Holly Garriock (University of California, San Francisco) presented a genome-wide association study of intolerance to citalopram in the Sequenced Treatment Alternatives for Depression (STAR*D) sample of 1953 individuals. Two intolerance phenotypes were examined using data from the patient rated inventory of side effects (PRISE) measure: headache (present and distressing) and sexual dysfunction. Half of the sample was genotyped using Affymetrix (Santa Clara, CA, USA) 500K arrays, half on 5.0 SNP arrays. There were no associations attaining a genome-wide level of significance. However, for headache, the following suggestive associations were found: rs11602918, rs11218108, rs35852547 and rs2523443, including markers in NKX2.1, which is expressed in the cerebral cortical GABAergic neurons and is involved in neuronal migration, and in GABBR1. In regard to sexual dysfunction, a common adverse drug reaction on citalopram, Dr Garriock reported that they found associations between GRIN3A and SLC1A1 (encoding the glutamate transporter) for difficulties with orgasm; SLC1A1 for erectile function; and SLC1A1 for diminished libido; with the SLC1A1 association withstanding Bonferroni correction for erectile function and libido.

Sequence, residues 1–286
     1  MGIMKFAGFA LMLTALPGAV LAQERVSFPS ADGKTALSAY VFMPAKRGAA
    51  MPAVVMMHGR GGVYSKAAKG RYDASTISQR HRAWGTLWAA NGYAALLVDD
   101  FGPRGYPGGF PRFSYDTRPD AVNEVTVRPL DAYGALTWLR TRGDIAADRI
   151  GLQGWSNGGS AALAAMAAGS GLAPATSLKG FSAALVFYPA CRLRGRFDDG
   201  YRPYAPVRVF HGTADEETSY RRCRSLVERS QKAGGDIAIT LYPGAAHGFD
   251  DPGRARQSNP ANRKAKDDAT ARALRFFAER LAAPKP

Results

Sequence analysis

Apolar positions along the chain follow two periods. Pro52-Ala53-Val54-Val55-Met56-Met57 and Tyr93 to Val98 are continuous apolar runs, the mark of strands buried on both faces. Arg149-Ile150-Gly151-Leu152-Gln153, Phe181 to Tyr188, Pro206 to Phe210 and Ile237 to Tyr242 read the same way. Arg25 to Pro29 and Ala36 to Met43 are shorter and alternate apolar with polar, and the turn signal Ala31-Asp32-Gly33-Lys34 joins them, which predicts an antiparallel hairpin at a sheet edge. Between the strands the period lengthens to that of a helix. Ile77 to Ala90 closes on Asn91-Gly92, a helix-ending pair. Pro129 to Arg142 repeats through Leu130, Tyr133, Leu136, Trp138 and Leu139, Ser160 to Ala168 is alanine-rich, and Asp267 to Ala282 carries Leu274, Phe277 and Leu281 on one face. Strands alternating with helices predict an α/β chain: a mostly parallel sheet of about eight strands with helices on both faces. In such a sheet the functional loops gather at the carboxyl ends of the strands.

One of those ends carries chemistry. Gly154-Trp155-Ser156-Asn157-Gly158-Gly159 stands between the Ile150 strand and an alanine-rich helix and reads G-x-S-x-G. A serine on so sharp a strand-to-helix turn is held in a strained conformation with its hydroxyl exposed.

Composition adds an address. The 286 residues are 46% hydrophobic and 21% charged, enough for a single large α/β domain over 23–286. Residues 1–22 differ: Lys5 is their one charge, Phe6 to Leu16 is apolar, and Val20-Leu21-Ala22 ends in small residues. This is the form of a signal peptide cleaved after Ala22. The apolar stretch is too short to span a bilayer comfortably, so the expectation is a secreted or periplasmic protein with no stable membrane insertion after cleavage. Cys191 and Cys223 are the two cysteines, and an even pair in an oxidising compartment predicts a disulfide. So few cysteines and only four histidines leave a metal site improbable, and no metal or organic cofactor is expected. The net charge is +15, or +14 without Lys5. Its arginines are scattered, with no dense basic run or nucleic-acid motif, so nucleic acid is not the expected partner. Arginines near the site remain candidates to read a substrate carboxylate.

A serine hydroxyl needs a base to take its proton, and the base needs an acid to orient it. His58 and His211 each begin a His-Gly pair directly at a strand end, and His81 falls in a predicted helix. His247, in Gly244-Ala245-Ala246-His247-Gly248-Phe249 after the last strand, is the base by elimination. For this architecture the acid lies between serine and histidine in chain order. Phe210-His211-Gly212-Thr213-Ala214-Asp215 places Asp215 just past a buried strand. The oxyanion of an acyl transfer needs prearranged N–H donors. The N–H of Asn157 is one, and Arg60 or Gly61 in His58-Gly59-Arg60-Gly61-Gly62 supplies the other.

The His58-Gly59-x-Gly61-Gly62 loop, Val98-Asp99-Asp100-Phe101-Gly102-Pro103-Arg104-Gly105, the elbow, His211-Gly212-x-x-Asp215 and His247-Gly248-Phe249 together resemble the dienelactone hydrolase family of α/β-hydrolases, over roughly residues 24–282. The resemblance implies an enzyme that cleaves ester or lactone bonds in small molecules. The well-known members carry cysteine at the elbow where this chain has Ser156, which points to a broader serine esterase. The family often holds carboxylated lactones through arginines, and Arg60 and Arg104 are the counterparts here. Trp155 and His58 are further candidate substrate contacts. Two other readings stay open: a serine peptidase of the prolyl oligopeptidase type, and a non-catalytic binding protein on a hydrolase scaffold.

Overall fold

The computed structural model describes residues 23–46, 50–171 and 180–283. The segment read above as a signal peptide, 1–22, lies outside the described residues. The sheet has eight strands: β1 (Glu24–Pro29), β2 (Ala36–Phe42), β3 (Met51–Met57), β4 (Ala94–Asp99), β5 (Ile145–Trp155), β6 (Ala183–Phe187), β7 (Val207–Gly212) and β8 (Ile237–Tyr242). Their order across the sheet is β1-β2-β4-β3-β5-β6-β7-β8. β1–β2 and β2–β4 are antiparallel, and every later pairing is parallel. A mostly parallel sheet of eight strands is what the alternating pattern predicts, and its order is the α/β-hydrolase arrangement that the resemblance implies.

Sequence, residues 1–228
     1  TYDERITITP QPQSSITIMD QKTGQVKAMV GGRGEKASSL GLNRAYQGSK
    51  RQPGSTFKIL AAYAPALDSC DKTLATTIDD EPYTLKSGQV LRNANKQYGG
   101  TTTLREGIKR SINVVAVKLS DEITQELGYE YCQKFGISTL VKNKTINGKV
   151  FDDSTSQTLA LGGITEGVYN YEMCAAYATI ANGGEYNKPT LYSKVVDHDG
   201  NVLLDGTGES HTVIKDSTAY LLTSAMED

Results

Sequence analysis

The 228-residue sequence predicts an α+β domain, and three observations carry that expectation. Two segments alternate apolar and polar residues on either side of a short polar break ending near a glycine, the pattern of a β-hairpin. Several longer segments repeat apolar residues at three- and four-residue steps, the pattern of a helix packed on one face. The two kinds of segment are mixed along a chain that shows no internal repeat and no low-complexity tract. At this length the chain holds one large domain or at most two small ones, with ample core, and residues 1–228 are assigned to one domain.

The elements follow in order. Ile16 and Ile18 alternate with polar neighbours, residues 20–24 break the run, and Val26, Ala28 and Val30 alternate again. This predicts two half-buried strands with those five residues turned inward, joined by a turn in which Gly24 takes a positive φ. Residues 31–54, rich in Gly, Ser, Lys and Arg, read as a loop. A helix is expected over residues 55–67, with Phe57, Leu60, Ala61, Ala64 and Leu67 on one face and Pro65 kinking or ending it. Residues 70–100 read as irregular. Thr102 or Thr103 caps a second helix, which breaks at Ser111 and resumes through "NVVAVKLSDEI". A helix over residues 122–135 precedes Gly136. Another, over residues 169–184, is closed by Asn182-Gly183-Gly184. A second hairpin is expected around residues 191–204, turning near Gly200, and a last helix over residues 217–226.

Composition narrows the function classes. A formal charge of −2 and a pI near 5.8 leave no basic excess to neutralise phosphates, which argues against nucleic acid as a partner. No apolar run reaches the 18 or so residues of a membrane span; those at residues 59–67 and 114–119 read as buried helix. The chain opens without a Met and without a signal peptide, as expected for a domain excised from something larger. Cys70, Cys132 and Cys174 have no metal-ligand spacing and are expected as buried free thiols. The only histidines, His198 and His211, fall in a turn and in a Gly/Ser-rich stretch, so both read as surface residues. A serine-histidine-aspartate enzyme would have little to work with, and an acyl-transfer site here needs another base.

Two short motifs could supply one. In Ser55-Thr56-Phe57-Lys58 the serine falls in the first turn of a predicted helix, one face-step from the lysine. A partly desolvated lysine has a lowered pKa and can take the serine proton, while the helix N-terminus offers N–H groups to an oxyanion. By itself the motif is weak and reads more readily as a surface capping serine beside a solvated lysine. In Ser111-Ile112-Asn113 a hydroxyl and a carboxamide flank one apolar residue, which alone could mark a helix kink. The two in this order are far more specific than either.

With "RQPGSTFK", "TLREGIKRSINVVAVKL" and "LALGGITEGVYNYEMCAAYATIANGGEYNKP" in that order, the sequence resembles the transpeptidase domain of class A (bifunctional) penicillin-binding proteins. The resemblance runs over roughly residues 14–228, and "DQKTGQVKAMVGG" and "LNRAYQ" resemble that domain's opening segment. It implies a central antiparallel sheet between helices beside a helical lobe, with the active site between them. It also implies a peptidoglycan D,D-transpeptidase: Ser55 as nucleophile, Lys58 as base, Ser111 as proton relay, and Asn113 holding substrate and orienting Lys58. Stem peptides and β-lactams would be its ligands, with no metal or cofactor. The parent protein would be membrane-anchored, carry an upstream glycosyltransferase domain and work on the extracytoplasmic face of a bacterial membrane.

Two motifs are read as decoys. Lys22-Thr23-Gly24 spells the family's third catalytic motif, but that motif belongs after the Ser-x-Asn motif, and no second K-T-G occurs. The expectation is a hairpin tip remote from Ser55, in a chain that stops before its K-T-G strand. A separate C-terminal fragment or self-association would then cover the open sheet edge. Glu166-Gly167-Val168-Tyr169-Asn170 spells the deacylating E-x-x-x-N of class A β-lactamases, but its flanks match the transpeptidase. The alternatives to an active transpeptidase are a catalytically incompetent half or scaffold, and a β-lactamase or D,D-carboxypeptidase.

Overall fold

Dr Alicia Smith (Emory University, GA) reported an association study of a polymorphism in CCL2 (CC motif ligand 2, also known as monocyte chemotactic protein-1, or MCP-1) with the risk of depression during interferon (IFN)-α treatment. The cerebral spinal fluid (CSF) concentration of MCP-1 has been shown to increase in subjects undergoing IFN-α treatment. Samples were taken from European subjects undergoing pegalated IFN-α treatment as part of the individualized dosing efficacy vs. flat dosing to assess optimal pegylated interferon therapy (IDEAL) and pneumocogenetic risk factor of IFN-α-induced neuropsychiatric side effects (PROFILE) studies (N = 808 total), with those with depression or on psychotropic medication at baseline being excluded. The center for epidemio-logic studies depression (CES-D) scale was used to measure depression, with analysis including a dichotomous (CES-D < 21 versus the rest) and a linear approach (maximum change, or ‘delta max’ in CES-D score at any time point in the study). Regression analyses were used to assess the interaction between self-reported history of mood disorder and CCL2 SNPs to predict depression severity, adjusting for baseline. Baseline depression score explained 13% of the variance (P < 0.0001), and a self-reported history of mood disorders was also significantly associated. A history of mood disorder interacted with the above CCL2 SNPs to predict depression during treatment (rs1024611, P = 0.0335; rs4586, P = 0.0034; rs2530797, P = 0.0005), and subjects with a previous history of mood disorders and carrying CCL2 risk alleles had a dose-dependent increase in the maximum change in CES-D scores from baseline to 24 weeks (P = 0.044–0.001). It was concluded that polymorphisms in CCL2 might contribute to the central inflammatory response and, therefore, to treatment-emergent depression on IFN-α treatment for hepatitis C.